Note that Expression has a Debug impl that somewhat reduces boilerplate output. It makes debug output more readable, but the displayed object structure won't exactly match the in-memory version. Specifically, if constructing your own AST objects, use the .wrap() utility functions present on most Expression subtypes to convert them to an Expression.


Parses the input expression and reformats it using the default Display impl.

$ cargo run --example reformat 'sum by(bar)(foo)'
sum(foo) by (bar)


Displays the raw ReturnValue computed for a given expression.

$ cargo run --example return_value 'foo(sum(foo))'
ReturnValue {
    kind: InstantVector,
    label_ops: [
        LabelSetOpTuple {
            op: Clear,
            expression: Function {
                name: "sum",
                # ... snip ...
            span: Some(
                Span {
                    start: 4,
                    end: 12,


Shows where a label is dropped in an expression, if at all.

$ cargo run --example label_drop 'foo(sum(foo))' namespace
label 'namespace' is dropped:


parent expression: sum(foo)

If an expression is invalid and has an unknown return type, a message will be printed:

$ cargo run --example label_drop 'foo(sum(foo)) / bar[5m:]' namespace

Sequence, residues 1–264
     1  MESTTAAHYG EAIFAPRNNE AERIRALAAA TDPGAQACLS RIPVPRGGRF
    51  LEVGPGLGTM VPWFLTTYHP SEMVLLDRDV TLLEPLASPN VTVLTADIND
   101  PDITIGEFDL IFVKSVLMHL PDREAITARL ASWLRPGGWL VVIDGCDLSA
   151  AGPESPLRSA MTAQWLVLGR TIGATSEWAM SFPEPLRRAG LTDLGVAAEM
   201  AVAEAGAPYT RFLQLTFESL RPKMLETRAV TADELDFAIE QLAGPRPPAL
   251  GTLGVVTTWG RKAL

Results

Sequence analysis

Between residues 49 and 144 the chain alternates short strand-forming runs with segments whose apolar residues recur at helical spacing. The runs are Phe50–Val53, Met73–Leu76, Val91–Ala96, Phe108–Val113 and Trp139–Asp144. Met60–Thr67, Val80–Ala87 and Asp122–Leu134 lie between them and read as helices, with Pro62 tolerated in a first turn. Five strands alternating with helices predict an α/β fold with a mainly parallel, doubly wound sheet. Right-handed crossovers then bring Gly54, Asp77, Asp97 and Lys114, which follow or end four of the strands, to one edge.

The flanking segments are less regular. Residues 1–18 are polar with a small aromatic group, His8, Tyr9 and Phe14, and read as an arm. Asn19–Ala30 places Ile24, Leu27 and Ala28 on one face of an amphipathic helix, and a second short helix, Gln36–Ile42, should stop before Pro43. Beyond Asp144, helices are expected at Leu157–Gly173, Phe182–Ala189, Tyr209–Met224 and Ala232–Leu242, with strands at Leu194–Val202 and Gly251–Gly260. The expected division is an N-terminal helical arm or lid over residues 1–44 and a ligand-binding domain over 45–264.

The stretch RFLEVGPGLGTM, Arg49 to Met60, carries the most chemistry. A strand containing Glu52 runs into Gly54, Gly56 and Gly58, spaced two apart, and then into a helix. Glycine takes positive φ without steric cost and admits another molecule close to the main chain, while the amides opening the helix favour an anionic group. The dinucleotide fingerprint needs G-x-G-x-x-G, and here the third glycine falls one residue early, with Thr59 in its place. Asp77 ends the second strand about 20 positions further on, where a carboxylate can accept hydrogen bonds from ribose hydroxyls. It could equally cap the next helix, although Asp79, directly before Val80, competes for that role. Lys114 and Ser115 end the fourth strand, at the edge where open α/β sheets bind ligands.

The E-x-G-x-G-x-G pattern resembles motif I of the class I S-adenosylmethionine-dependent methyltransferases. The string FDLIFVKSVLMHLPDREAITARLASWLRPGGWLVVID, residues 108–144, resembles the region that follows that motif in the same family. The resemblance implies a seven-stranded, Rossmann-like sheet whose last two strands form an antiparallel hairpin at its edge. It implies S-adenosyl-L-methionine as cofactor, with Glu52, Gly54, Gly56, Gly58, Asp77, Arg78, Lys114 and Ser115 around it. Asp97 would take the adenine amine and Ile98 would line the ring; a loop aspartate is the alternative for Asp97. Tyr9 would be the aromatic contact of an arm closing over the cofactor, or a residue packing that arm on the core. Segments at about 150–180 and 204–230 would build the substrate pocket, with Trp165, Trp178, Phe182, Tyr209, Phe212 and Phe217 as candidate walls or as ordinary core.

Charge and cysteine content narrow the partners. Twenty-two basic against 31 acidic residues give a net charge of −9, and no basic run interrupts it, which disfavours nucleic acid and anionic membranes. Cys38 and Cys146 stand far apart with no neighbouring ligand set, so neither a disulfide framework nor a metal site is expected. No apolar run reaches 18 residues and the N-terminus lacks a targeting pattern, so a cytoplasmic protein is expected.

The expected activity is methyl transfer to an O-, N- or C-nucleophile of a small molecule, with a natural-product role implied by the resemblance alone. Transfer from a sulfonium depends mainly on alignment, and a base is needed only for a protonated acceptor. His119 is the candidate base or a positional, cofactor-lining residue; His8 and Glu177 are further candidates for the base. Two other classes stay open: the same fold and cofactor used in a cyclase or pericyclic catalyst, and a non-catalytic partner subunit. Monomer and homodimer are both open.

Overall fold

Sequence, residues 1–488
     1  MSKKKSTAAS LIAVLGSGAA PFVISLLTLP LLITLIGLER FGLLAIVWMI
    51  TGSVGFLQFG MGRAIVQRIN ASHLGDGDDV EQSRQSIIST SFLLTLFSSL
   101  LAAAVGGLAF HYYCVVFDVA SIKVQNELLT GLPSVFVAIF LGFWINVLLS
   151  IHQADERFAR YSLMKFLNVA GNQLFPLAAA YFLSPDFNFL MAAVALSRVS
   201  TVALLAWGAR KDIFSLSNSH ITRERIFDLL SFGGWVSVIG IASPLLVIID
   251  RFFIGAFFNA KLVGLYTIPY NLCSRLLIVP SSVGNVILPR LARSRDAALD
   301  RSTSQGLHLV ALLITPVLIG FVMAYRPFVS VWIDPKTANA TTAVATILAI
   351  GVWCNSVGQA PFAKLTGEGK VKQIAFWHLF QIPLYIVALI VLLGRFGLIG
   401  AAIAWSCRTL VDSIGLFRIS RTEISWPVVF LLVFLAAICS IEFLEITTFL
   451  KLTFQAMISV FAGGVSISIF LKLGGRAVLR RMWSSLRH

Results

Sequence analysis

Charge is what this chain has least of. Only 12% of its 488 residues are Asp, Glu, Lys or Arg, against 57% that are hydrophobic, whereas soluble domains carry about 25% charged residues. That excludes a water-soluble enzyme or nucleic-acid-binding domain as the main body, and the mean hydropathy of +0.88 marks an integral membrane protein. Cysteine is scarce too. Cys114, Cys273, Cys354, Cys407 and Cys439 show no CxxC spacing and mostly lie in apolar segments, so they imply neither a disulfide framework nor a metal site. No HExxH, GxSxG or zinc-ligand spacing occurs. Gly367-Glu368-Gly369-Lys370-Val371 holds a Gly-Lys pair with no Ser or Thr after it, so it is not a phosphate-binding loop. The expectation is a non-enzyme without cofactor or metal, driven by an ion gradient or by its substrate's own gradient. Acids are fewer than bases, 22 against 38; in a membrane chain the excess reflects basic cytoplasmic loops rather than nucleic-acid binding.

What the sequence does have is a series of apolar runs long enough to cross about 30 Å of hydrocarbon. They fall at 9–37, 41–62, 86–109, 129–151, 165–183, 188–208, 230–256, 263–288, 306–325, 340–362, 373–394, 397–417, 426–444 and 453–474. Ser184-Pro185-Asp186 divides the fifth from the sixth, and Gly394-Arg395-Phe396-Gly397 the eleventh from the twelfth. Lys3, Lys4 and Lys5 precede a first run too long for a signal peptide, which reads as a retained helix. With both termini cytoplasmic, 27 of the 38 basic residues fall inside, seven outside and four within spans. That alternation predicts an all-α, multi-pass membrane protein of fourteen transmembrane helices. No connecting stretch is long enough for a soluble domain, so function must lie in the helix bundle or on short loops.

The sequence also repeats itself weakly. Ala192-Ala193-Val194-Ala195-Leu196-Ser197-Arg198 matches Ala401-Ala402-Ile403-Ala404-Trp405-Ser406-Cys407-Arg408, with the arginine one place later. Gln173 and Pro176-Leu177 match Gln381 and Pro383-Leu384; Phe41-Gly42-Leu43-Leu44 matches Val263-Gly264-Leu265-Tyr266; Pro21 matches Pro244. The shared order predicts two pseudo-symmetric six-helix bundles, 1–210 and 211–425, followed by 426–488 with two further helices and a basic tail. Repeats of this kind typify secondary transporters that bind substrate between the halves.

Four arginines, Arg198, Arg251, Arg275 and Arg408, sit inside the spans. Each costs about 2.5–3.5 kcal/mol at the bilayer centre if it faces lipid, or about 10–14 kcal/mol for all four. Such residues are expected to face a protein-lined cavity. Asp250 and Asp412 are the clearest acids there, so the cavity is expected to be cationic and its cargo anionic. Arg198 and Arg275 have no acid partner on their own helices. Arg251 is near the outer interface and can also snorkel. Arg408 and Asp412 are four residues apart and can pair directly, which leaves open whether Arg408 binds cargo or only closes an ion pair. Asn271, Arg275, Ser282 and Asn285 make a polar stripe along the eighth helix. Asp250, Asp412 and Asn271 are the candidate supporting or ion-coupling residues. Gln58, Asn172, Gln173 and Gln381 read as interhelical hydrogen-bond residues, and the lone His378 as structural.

note: expression return type is unknown, result may be inaccurate
  reason:     rhs return type (RangeVector) is not valid in an operator
  expression: foo(sum(foo)) / bar[5m:]

label 'namespace' is not dropped


Shows the expected output labels for a given expression. Arguments after the expression are labels that exist on all input metrics.

Additional labels may be returned that were not present in the input list; these were inferred based on labels referenced in the expression.

$ cargo run --example label_passthrough 'sum by(bar)(foo)' baz


Bug reports, feature requests, and pull requests are welcome! Be sure to read though the code of conduct for some pointers to get started.

Note that - as mentioned in the code of conduct - code contributions must indicate that you accept the Developer Certificate of Origin, essentially asserting you have the necessary rights to submit the code you're contributing under the project's license (MIT). If you agree, simply pass -s to git commit:

git commit -s [...]

... and Git will automatically append the required Signed-off-by: ... to the end of your commit message.


~74K SLoC